In September 2003, Jeffrey Immelt, GE's chairman and CEO, delivered his global R&D rationale at a presentation at the Massachusetts Institute of Technology: "We did it to have access to markets. But also we did it to get access to the best brains everywhere in the world. Today we run a very global network of R&D."
Immelt also rationalizes GE's global R&D strategy as the way to escape the "forces [driving] each of us to commodity damnation. In this regard the only source of profit, the only reason to invest in companies in the future is their ability to innovate and their ability to differentiate. Today, organic growth is the key. It's going to determine who gets rewarded and it is absolutely the biggest task of every company."
Organizing for that organic growth is the focus of six long-range, corporate funded projects at GE Global Research. The strategy is to provide the technology foundation for products that the divisions will fund and develop in the next decade, says Christine M. Furstoss, global technology leader for ceramics and metallurgy. Furstoss and her 10 peers monitor and help direct progress in molecular medicine, light energy conversion, pulse detonation propulsion, hydrogen energy, nanotechnology, and power conversion.
To maximize global success, Deloitte's Engel warns that innovation issues have to be integrated and considered holistically with other elements of the business network. In addition to R&D, he's referring to the entire value chain, including such things as suppliers, production facilities and enablers such as finance and information technology.
Engel says a Deloitte globalization study revealed that more than 80% of companies are not capturing the full value of their global investments. "Many of the global organizations studied realized a value loss from sub-optimization of 50% or more of bottom-line profits. Only about one in 10 companies has undertaken significant efforts to optimize global networks over the last three years."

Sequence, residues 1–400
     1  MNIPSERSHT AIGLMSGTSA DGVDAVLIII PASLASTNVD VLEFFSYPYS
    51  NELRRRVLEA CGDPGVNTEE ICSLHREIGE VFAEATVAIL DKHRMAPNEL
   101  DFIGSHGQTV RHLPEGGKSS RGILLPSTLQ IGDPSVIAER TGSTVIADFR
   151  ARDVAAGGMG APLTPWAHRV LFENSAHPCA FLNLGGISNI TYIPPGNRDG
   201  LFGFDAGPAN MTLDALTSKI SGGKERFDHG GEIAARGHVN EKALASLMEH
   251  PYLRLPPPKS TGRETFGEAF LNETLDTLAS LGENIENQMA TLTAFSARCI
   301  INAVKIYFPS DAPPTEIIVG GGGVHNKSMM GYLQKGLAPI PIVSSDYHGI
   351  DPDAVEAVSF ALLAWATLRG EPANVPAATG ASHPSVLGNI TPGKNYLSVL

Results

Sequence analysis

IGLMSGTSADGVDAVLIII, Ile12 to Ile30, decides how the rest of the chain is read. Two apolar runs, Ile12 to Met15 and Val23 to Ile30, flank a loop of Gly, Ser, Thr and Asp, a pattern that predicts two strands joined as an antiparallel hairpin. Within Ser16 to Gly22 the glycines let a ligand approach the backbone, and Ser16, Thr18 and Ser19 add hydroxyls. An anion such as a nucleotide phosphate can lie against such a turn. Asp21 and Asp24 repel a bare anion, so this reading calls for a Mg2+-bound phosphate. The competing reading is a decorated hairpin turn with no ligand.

Want to outsource R&D domestically? U.S.-based options go beyond contract researchers such as Battelle or universities.
U.S. design firms such as IBM Corp.'s Engineering & Technology Services (E&TS) are evolving to service R&D needs, not in the fundamental research project manner, but as product development facilitators. GE entered the market space about 2 1/2 years ago. The mission: facilitate the product development processes of clients -- directing them on better ways to get their technology into the hands of their customers, says Pat Toole, general manager. He says the focus is on helping clients cut time to market, reduce costs and integrate technologies in their product offerings.
"The concept is being accepted by customer organizations that are no longer frozen to the thinking that every nut and bolt and design feature has to be organically developed," Toole says.
IBM's client projects range from one-time product development projects to multi-year agreements.
For the New York Stock Exchange, Toole's group developed a wireless handheld device that would enable traders to access buy-and-sell orders on the trading floor. Conventional PDA's were too small and had a low resolution. Tablet computers were too large and heavy.
IBM's E&TS helped to develop a wireless handheld with a customizable minitablet platform that is well suited for vertical applications requiring small, lightweight, networkable computers.
In a project for Medtronic, IBM E&TS helped design an electronic system to monitor and reprogram their full range of pacemakers and other personal cardiac systems. "Since Medtronic wanted to keep their internal design team focused on their first-line products, they turned the job over to us," says Toole.